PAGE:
Press Conferece to Save Quote-UnQuote, Public Acess Television and Free Speech in New Mexico
City Threatens Shut Down of Free Speech Channel
Says No to High School Sports TV
ALBUQUERQUE, NM--On Friday, October 28, 2011, the City of Albuquerque announced its intention to end a 30-year relationship with the award-winning Public Access TV provider Quote-Unquote.
In a turnabout that will cost the City of Albuquerque $117,000 more than Quote-Unquote’s proposal, the City recommendation went to uPublicTV, which until now has yet to produce any broadcast content. For over a year, it has had the Educational Access Channel but has failed to activate any TV programming.
“We have legitimate concerns about the scoring process for this contract,” said Quote-Unquote Executive Director, Steve Ranieri. “Any logical person would question the decision to move away from a television station that is live now for an operator which will not have live programming for at least one year. New Mexican taxpayers and families should not tolerate going dark and eliminating free speech.”
“We have serious conflict of interest concerns with the City process,” says Quote-Unquote Board Member, Roger Finzel. “Among the myriad of flaws in the City’s process, there were people who scored the RFP’s that compete for the same funds as Quote-Unquote as employees of the City.”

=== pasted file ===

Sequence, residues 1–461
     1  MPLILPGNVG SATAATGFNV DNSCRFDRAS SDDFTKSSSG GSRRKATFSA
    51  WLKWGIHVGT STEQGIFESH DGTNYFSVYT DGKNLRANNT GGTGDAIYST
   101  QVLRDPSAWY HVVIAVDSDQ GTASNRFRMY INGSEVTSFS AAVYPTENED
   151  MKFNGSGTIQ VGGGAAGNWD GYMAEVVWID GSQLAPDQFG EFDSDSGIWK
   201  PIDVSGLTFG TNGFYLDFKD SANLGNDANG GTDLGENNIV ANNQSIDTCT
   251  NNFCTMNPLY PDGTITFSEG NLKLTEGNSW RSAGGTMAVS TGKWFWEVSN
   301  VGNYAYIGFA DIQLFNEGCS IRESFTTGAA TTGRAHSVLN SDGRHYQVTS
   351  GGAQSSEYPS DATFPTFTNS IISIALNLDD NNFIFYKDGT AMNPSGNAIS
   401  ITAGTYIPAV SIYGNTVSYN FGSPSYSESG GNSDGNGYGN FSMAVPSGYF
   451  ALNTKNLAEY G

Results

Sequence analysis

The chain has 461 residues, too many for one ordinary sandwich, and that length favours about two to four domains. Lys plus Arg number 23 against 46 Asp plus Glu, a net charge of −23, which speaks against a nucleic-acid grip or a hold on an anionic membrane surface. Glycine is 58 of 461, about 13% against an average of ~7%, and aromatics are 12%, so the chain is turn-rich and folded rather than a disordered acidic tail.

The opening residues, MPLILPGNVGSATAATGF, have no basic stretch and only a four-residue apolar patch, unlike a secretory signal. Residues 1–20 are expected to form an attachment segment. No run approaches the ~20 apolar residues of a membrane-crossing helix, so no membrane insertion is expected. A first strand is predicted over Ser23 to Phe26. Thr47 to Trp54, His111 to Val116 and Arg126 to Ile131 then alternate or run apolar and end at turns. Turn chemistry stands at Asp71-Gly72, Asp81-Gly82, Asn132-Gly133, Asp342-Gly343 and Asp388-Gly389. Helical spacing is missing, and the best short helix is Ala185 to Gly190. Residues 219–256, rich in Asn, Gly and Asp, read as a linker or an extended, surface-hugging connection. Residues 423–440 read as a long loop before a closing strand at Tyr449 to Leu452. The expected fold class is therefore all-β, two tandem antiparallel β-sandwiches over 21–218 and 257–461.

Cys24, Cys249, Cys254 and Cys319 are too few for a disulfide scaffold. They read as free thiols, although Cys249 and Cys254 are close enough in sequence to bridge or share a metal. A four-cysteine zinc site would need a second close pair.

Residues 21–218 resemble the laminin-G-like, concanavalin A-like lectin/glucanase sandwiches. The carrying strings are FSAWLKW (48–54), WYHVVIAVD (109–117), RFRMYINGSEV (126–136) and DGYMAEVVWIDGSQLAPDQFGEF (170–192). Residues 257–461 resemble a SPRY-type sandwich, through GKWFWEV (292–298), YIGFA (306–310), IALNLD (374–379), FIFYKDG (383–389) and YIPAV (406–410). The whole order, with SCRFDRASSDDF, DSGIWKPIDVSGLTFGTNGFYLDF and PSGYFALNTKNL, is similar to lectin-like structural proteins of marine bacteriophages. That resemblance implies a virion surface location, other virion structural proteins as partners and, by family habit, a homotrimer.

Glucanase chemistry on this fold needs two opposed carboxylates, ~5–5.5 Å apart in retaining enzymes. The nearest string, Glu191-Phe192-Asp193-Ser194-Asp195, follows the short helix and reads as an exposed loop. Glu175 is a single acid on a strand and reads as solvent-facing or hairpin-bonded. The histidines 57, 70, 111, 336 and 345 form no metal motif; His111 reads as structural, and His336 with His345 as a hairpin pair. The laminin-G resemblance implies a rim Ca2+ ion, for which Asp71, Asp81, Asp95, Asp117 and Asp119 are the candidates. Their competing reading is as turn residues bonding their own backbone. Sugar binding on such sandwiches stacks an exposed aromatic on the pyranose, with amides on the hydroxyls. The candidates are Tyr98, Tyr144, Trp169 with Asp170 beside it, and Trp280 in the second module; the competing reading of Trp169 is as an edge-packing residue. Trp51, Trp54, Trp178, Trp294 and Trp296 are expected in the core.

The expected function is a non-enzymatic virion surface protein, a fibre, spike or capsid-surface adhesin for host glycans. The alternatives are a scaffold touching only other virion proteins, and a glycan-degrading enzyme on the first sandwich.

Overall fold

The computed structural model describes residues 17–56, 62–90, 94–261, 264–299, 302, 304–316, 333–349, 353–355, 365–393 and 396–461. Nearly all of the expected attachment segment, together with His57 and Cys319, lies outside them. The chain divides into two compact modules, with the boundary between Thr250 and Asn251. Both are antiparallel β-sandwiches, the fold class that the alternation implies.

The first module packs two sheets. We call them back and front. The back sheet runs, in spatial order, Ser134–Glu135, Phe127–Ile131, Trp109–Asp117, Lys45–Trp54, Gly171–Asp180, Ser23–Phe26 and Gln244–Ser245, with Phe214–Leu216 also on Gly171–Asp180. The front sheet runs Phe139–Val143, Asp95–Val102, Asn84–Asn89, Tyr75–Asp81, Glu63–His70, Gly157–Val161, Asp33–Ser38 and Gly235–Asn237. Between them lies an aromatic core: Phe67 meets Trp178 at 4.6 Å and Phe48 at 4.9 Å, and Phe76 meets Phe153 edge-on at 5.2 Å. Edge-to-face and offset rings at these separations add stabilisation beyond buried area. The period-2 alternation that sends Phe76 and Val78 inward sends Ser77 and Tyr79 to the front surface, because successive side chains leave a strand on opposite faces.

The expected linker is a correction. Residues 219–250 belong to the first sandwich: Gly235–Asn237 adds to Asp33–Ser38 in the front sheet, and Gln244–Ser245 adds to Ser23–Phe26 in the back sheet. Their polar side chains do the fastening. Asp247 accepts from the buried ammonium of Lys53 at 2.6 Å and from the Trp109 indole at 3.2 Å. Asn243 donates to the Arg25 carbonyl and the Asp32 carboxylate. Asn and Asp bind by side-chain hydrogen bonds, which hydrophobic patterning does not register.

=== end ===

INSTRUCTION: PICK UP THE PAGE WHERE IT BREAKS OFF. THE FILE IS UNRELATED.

High school sports have been covered for two years on Encantada TV Channel 26. This widely popular programming, contracted and distributed by Quote-Unquote, may go off the air. Some City Officials have said local High School Sports/Activities programming is not appropriate.
Allen Cooper, Quote-Unquote Board President, says “This is part of a national trend where municipalities are shutting down or slashing public access TV station budgets in an effort to stifle free speech.”
Quote-Unquote is in the process of appealing the City of Albuquerque’s proposal to award the public access television contract to uPublicTV. All contracts must be approved by the City Council.